LME readies rule that would reveal private metal stockpiles
The London Metal Exchange is preparing a new rule designed to reveal the huge stockpiles of metal held in private storage, shining a light on one of the industry’s most opaque areas for the first time.
Owners would have to notify the LME if they hold metal in storage that they may want to transfer to the exchange in the future, according to people familiar with the plan. The LME would then make aggregated data about these stockpiles available to the wider market.
The data would provide a window into the ebb and flow of metal outside the LME’s warehouse network for the first time and fill a blind spot faced by physical merchants and investors trying track global metal inventories. It’s possible the rules could also cover stockpiles in transit, which could help guide trading decisions.
A spokeswoman for the LME said the exchange will issue a consultation notice on planned warehouse reforms soon, but declined to comment further.
The LME already reports daily figures on how much metal is stored by companies licensed by the exchange. But the data is an incomplete picture of global metal stockpiles. For years, traders and analysts have only been able to guess at how much copper, aluminum, nickel or zinc might be held in off-exchange storage.
“We’re interested to see what form the data takes, because aluminum is one market where it could really help shine a light,” Eoin Dinsmore, an analyst at CRU Group, said by phone from London. “The market really needs a bit more transparency.”
For example, CRU estimates there are 3.5 million tons of aluminum held by consumers and merchants in private storage locations outside China. That compares with just under 1 million tons held in warehouses tracked by the exchange, where storage costs are typically higher.
The new rules are being put into place after years of sharp spikes and declines in the LME inventory levels attracted criticism that the data was unreliable. In March, the LME unveiled plans to publish details on how much metal held by licensed warehousing companies was eligible for delivery on the bourse.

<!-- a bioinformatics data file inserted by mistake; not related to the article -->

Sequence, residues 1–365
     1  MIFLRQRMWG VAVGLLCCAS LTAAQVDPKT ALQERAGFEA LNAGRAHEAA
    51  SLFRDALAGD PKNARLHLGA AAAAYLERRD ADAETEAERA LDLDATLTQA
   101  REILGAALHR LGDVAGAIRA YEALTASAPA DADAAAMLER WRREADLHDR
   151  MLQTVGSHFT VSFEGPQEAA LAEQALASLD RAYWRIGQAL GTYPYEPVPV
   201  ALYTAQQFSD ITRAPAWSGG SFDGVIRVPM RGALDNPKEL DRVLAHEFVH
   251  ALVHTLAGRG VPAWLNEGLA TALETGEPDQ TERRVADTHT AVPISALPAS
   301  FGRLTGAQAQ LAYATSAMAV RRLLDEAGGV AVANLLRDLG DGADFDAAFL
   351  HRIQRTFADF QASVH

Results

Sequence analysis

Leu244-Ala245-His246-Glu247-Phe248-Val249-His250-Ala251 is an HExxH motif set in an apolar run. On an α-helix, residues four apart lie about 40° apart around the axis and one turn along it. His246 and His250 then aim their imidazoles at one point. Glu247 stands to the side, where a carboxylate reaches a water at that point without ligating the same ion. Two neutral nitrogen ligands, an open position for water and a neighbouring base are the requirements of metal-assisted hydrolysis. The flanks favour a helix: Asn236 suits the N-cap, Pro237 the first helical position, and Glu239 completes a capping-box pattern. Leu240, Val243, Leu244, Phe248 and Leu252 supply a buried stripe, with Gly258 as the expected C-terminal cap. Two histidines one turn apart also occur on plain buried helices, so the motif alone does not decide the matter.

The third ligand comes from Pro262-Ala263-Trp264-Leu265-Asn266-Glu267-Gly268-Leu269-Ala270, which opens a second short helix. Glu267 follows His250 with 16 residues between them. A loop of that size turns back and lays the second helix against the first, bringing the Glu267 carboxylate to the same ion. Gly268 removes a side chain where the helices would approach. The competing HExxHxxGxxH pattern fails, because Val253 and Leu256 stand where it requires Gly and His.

But after discussing the proposal with the market, LME executives were worried that it may be too narrow in scope, the people said. For example, traders and warehousing companies could avoid reporting metal by storing it outdoors, making it ineligible for delivery.
The LME has told warehousing companies it’s planning a broader rule and will likely consult the market soon, said the people, who asked not to be identified discussing private talks. The final form could change, but the LME has made it clear it intends to tackle the issue, one of the people said.
Enforcing the rule could be problematic and it’s possible that warehouses may resist the proposal. However, the LME expects compliance will be high among the trading houses and investment banks that own and finance large volumes of metal, the people said.
Without the backstop of being able to deliver to the LME, banks may be less willing to accept stockpiles as collateral in short-term lending deals that are a key source of working-capital finance for physical merchants.
The LME is considering penalties for stockholders who attempt to warrant privately held metal on the bourse that they haven’t previously declared, the people said. While some licensed warehousing firms support the move, the policy could strain already-fractious relations with some storage companies.
The exchange was criticized in the past for rules that raised warehousing costs and reduced the attractiveness of metal storage. The slate of measures announced in March are designed to ease those pressures and make the business more lucrative. The LME plans to go ahead with the other rules as originally envisaged, the bourse told warehouses last week.
(By Mark Burton)